Introducing New Zealand
There aren't many places on this lonely planet where travellers are so well catered for – in terms of both man-made enticements and splendours of the natural realm.
Walk On The Wild Side
There are just 4.5 million New Zealanders, scattered across 270,534 sq km: bigger than the UK with one-fourteenth the population. Filling in the gaps are the sublime forests, mountains, lakes, beaches and fiords that have made NZ one of the best hiking (locals call it 'tramping') destinations on Earth. Tackle one of nine epic 'Great Walks' – you've probably heard of the Heaphy and Milford Tracks – or just spend a few dreamy hours wandering through some easily accessible wilderness.
The New 'Big Easy'
Forget New Orleans… NZ can rightly claim the 'Big Easy' crown for the sheer ease of travel here. This isn't a place where you encounter many on-the-road frustrations: buses and trains run on time; roads are in good nick; ATMs proliferate; pickpockets, scam merchants and bedbug-ridden hostels are few and far between; and the food is unlikely to send you running for the nearest public toilets (usually clean and stocked with the requisite paper). And there are no snakes, and only one poisonous spider – the rare katipo – sightings of which are considered lucky. This decent nation is a place where you can relax and enjoy (rather than endure) your holiday.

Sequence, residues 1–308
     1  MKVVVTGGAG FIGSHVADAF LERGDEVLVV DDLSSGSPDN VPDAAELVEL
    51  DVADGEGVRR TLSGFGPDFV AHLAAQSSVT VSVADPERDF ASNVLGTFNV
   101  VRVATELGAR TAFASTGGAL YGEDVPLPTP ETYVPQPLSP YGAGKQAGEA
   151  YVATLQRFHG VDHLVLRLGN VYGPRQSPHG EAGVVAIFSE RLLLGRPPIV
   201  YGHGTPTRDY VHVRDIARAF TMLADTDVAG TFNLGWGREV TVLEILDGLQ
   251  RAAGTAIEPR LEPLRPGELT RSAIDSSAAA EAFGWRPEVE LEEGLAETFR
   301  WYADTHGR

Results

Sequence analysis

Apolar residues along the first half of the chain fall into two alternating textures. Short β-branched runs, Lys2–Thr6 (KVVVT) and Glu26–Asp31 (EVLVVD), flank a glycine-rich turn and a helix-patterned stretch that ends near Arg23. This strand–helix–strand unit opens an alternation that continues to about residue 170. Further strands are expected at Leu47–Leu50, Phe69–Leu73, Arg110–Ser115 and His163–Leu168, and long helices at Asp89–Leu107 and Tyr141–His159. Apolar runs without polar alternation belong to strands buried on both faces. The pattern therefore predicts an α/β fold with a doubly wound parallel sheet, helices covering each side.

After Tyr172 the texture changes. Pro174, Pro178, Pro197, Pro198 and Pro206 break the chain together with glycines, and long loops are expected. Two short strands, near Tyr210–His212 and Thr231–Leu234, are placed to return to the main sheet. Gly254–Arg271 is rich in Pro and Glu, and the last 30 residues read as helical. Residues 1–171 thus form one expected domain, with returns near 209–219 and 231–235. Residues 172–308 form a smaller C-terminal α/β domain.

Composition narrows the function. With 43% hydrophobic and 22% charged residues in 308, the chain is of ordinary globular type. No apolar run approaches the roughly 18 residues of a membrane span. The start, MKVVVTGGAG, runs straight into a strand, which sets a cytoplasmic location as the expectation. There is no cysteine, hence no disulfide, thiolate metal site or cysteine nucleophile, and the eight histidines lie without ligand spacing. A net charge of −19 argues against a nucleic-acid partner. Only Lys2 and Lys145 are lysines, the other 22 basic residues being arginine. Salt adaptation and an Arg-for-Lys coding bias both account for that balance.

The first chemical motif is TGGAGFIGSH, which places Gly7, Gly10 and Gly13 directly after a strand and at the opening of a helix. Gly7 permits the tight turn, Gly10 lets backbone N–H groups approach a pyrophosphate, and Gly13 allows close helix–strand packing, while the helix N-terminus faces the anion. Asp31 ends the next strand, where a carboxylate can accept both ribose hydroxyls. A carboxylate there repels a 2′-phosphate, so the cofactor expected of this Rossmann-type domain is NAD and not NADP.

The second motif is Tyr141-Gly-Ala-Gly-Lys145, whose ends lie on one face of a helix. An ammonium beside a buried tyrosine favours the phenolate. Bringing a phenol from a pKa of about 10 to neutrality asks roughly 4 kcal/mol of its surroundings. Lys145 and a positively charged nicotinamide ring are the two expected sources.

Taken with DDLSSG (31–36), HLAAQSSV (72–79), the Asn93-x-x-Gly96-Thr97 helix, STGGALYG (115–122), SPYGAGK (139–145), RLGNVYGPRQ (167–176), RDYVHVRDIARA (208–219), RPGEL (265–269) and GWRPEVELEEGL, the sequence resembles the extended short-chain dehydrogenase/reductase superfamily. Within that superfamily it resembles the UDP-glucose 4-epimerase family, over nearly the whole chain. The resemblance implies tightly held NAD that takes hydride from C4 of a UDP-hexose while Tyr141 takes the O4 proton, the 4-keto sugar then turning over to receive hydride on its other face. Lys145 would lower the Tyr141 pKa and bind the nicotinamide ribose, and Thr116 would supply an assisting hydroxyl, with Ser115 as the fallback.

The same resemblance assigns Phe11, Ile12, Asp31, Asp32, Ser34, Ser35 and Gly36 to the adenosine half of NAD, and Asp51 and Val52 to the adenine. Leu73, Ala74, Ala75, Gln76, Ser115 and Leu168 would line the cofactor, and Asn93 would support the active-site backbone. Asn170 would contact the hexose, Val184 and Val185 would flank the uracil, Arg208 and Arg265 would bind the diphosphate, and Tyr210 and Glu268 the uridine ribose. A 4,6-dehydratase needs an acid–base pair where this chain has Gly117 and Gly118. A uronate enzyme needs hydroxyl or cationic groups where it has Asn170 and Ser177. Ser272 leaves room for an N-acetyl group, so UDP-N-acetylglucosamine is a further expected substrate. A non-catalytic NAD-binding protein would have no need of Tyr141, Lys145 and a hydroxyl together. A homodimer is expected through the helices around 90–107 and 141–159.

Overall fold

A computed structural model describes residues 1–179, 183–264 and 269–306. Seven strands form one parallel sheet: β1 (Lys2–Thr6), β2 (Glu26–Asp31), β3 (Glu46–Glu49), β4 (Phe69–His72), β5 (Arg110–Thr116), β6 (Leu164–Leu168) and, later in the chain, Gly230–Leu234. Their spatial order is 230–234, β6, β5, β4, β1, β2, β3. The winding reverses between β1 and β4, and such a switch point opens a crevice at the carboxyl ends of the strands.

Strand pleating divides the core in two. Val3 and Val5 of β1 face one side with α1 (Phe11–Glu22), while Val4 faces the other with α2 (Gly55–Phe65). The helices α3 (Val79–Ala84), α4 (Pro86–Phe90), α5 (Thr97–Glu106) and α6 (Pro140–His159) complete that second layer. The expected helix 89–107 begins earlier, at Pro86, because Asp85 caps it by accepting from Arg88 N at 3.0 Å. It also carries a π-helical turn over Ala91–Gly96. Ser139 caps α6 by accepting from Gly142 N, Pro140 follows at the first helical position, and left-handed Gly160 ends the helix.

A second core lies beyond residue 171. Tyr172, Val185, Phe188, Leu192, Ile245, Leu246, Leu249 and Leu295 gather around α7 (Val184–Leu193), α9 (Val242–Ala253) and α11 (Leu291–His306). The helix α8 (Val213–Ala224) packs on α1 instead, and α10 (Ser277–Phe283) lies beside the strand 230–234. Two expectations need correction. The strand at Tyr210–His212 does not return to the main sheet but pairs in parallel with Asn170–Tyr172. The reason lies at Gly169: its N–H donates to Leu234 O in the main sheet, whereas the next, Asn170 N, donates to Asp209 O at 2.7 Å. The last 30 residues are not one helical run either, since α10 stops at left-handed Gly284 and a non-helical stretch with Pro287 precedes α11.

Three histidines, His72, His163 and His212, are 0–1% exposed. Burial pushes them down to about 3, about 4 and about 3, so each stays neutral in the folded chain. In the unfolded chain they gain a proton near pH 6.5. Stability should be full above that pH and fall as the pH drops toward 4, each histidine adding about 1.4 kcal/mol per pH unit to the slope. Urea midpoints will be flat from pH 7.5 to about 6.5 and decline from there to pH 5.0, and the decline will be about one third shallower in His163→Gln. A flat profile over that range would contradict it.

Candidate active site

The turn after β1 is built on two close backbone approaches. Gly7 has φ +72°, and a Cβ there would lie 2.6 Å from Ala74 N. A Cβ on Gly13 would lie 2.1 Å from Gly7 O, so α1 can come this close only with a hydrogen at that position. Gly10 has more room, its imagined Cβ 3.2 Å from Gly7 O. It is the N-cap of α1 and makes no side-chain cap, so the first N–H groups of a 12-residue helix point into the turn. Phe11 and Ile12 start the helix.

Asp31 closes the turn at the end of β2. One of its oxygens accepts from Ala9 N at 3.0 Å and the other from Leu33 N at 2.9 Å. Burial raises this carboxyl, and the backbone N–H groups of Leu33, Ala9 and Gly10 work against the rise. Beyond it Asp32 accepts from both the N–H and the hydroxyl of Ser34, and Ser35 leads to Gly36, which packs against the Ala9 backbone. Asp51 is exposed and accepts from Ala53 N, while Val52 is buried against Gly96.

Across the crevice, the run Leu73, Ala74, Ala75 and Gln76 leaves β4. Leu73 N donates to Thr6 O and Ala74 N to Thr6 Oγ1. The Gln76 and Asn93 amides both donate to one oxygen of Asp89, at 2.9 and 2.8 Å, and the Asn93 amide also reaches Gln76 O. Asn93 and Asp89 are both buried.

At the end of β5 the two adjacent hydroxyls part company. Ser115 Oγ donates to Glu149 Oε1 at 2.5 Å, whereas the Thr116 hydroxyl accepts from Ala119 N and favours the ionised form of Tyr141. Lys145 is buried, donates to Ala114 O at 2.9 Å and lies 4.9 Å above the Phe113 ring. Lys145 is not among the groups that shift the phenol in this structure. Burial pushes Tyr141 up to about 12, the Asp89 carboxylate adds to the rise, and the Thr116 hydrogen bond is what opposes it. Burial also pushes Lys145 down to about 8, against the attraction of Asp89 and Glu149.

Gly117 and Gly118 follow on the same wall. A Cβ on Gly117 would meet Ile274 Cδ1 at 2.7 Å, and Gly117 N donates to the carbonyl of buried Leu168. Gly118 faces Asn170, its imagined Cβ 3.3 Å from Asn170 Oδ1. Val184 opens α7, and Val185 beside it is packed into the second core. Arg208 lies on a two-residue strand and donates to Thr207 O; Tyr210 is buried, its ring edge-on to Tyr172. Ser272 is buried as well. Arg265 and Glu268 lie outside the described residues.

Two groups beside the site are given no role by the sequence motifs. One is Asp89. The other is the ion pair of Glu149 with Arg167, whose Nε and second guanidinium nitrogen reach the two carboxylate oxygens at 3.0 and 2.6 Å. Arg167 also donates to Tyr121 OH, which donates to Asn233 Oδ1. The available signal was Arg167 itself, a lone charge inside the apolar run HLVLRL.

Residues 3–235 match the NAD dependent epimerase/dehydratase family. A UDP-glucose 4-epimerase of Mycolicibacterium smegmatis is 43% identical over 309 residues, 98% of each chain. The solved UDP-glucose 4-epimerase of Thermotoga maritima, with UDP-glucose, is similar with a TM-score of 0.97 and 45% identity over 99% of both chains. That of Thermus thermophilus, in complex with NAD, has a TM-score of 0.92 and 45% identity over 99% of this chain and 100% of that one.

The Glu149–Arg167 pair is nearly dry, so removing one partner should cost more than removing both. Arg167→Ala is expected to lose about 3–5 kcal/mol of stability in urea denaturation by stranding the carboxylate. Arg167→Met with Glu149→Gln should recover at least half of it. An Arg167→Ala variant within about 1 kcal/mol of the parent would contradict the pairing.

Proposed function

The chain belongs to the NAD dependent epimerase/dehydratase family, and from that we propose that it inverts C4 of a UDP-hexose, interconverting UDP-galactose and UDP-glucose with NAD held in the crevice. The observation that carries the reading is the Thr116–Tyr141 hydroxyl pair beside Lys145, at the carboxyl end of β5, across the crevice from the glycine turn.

If you're even remotely interested in rugby, you'll have heard of NZ's all-conquering All Blacks, who would never have become world-beaters without their formidable Maori players. But this is just one example of how Maori culture impresses itself on contemporary Kiwi life: across NZ you can hear Maori language, watch Maori TV, see main-street marae (meeting houses), join in a hangi (Maori feast) or catch a cultural performance with traditional Maori song, dance and usually a blood-curdling haka (war dance). You might draw the line at contemplating ta moko, traditional Maori tattooing (often applied to the face).
Food, Wine & Beer
Kiwi food was once a bland echo of a British Sunday dinner, but these days NZ chefs find inspiration in new-world culinary oceans, especially the Pacific with its abundant seafood and encircling cuisines. And don't go home without trying some Maori faves: paua (abalone), kina (sea urchin) and kumara (sweet potato) make regular menu appearances. Thirsty? NZ's cool-climate wineries have been collecting wine-award trophies for decades now, and the country's craft-beer scene is booming. Contemporary coffee culture is also firmly entrenched.
Why I love New Zealand
By Charles Rawlings-Way, Coordinating Author
As an English-born Australian raised in Tasmania, every trip to New Zealand presents a mix of landscapes and cultures that's at once familiar and quirkily different. The rolling hills and hedgerows of Devonshire collude with the irreverent, easy-going locals (somehow less cynical than Australians: could it be the sweetly mangled vowels?) to disarm, distract and delight. Maori culture is potent, the surf is world class and the beer is awesome! The best of old and new worlds synching-in with social and environmental sensibility: a template for a new world order? I love NZ!
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